Why the Warriors' chase for greatness has become such a slog

Which team has the best chance to stop the Warriors? (1:30)

Stephen A. Smith sees the Raptors as the biggest threat to stopping the Warriors from a three-peat. (1:30)

Steve Kerr still remembers the moment that the Golden State Warriors' dynasty could have died before it even began. As he walked into the Memphis Grizzlies' practice facility last week, Kerr couldn't help but think back to being down 2-1 to Zach Randolph & Co., wondering if the Warriors would ever reach their full potential.

"I had a flashback walking into this building, in this practice gym," Kerr told ESPN. "[Warriors GM] Bob Myers and I laid on that floor over there down 2-1 to Memphis in 2015 and we were basically talking, 'Can we do this? Can we pull this off? Can we beat Memphis?'"

Four years later, the Warriors remain in the midst of one of the greatest runs in NBA history. They have gone to four straight NBA Finals and have won three of the past four NBA championships. They have won more games -- 317-- over the past five seasons than any team in any five-year span in NBA history, breaking their own record set from 2013-14 through 2017-18.

However, when the Warriors set that record Sunday night -- breaking their own mark that encompassed Mark Jackson's final season as coach and Kerr's first four -- there was no major celebration. No trophy was handed out, and no banner will be raised to commemorate it.

As the Warriors come to the end of another long, 82-game regular season, the grind of winning another championship has never been more apparent. Still, Kerr has remained upbeat and optimistic about his team's present and future, even in the wake of unexpected blowout losses that appeared to show cracks in the Warriors' facade. When his players just didn't have it on a particular night, notably in a March 23 home loss to the Dallas Mavericks when they were embarrassed by 35 points, neither Kerr nor his players were too concerned. The group has always believed that there were more important games ahead, so why sweat games that didn't matter as much in the grand scheme of a long season?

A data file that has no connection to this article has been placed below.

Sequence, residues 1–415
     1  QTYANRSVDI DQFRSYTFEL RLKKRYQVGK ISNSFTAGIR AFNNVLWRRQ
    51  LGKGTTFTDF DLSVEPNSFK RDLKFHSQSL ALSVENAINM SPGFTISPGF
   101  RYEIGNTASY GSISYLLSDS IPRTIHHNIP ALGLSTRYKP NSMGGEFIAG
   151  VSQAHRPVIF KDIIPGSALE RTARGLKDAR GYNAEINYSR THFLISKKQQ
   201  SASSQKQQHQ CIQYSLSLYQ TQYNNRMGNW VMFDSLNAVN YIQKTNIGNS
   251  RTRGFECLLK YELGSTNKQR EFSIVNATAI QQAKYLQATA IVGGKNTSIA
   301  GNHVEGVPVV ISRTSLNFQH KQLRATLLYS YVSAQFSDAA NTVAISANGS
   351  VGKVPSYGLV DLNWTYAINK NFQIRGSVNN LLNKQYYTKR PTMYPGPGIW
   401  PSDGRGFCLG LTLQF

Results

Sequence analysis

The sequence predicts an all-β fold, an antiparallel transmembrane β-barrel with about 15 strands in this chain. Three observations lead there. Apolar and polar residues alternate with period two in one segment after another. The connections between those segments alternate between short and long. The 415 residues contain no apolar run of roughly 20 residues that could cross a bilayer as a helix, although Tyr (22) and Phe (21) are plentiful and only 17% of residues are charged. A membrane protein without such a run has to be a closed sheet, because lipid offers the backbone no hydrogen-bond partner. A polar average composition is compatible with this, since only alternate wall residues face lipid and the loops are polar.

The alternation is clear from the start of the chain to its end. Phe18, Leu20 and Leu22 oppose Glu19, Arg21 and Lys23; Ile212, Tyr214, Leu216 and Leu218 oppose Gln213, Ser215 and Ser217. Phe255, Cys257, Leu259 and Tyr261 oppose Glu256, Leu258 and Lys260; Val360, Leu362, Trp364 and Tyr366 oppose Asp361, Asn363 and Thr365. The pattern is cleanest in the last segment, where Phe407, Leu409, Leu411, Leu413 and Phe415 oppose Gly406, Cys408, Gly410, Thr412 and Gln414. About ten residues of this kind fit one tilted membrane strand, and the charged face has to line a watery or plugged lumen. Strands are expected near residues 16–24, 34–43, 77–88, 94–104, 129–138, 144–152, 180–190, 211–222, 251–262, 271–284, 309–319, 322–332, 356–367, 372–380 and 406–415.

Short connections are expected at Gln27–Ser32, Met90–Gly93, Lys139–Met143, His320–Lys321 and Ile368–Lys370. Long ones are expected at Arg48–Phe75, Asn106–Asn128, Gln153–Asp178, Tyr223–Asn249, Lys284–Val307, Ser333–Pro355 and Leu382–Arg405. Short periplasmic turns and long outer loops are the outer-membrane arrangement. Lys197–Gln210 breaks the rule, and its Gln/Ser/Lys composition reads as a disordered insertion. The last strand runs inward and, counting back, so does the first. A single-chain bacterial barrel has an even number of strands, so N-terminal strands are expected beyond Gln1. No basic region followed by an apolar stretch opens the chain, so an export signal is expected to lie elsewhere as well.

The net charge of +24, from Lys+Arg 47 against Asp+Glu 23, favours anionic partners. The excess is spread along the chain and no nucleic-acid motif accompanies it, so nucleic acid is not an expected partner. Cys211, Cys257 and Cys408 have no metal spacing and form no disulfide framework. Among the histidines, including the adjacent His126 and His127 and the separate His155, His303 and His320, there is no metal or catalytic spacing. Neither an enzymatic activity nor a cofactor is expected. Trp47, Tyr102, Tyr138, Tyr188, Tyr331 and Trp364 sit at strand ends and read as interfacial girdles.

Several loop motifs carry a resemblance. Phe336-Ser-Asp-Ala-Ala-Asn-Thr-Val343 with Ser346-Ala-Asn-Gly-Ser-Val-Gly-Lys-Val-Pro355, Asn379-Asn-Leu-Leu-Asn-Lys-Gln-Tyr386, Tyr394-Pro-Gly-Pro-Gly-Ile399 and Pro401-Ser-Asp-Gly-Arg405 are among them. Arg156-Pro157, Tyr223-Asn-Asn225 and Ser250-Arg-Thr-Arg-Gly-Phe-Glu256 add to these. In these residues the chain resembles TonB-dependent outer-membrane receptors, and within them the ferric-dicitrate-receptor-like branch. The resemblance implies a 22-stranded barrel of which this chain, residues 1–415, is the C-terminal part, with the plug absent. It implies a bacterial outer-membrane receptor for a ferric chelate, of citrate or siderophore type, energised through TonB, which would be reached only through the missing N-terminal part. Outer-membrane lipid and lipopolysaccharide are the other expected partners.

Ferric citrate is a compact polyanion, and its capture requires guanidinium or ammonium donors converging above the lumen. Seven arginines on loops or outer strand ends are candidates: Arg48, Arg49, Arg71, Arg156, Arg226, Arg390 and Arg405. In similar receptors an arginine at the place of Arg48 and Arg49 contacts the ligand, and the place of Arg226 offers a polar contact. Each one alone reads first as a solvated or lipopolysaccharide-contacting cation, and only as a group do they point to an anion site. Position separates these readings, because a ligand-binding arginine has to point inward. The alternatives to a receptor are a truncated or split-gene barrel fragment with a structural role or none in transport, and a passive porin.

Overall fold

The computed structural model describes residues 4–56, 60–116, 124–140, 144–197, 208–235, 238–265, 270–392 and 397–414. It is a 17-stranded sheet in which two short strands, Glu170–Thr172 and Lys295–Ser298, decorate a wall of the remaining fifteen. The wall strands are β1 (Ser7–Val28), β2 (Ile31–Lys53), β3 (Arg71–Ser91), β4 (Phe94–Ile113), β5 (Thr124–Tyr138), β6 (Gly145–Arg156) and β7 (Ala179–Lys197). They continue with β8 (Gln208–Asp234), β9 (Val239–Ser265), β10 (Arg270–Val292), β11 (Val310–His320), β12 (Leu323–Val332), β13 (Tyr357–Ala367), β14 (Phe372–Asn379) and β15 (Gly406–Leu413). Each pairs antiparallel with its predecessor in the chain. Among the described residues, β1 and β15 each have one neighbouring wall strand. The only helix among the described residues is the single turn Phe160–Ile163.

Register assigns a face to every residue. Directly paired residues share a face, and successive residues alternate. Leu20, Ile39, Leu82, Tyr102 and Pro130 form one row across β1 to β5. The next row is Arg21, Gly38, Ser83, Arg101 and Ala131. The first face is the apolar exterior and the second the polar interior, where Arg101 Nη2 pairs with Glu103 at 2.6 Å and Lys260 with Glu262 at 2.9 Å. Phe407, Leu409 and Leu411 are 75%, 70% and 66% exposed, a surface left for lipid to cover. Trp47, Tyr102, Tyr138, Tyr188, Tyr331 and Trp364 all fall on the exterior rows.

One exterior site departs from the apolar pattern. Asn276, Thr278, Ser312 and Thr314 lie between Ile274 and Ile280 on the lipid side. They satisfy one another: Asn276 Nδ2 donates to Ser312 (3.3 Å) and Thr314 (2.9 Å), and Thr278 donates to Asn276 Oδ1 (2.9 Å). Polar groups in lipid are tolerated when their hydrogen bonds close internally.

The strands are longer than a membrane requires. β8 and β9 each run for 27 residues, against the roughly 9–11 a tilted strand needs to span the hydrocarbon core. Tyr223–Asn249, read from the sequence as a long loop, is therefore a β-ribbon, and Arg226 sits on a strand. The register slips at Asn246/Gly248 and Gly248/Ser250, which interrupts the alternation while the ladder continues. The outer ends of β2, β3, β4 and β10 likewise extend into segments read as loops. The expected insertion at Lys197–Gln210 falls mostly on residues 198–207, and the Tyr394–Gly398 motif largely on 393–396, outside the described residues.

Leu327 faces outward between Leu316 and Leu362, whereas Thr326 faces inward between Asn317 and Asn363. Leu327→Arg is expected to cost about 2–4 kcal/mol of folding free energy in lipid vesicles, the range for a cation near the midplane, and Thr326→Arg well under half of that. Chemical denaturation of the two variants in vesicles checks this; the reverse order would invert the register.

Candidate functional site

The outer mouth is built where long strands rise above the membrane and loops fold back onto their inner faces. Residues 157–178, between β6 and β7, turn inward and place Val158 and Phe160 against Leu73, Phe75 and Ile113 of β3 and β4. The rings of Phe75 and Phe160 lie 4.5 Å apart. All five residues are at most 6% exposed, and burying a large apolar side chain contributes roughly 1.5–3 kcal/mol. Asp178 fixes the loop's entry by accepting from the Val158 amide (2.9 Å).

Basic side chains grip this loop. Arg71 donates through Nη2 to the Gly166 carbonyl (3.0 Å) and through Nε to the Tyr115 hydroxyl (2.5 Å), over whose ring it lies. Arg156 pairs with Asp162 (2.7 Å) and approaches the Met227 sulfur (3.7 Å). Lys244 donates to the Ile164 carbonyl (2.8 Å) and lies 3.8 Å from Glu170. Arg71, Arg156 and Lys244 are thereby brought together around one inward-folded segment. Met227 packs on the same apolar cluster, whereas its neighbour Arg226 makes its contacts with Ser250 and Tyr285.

"If we had a night like we had against Dallas four years ago nobody [outside the team] would care," Stephen Curry said. "[Now] it becomes a bigger story and we have to answer to it and we felt s---ty and the whole deal. So that pressure and the expectations that we put on ourselves and ones that are coming from the outside. As much as guys want to go home and turn it off and they have balance in their lives, it's always in the back of your head, so year after year of that is tough."

Heading into the final week of the regular season, the Warriors have displayed two main characteristics throughout this arduous chapter of their story:

1. They can still beat anybody when they are focused and playing their best.
2. The process of chasing greatness has worn out the group to a level we're not used to seeing.

That wear has reflected itself in the Warriors' record. In a season in which they wanted to savor the last moments inside Oracle Arena, they come into Tuesday's showdown with the Denver Nuggets having already lost 11 home games, more than the team lost in Kerr's first three seasons combined.

After winning 67 total regular-season games in Kerr's first season, the Warriors won 73 in 2015-16, then 67, then 58, and currently sit with just 52 wins. The urgency to win on a nightly basis that came at the beginning of the run isn't there anymore. The spotlight and speculation that can only come after this kind of success has mentally exhausted the group at times during the season.

"I don't know why it's so tough to do," Warriors forward Draymond Green said when asked why it has been so difficult to maintain year-over-year success. "But whatever that reason is, [it's] the reason why there ain't many greats and many people don't reach greatness."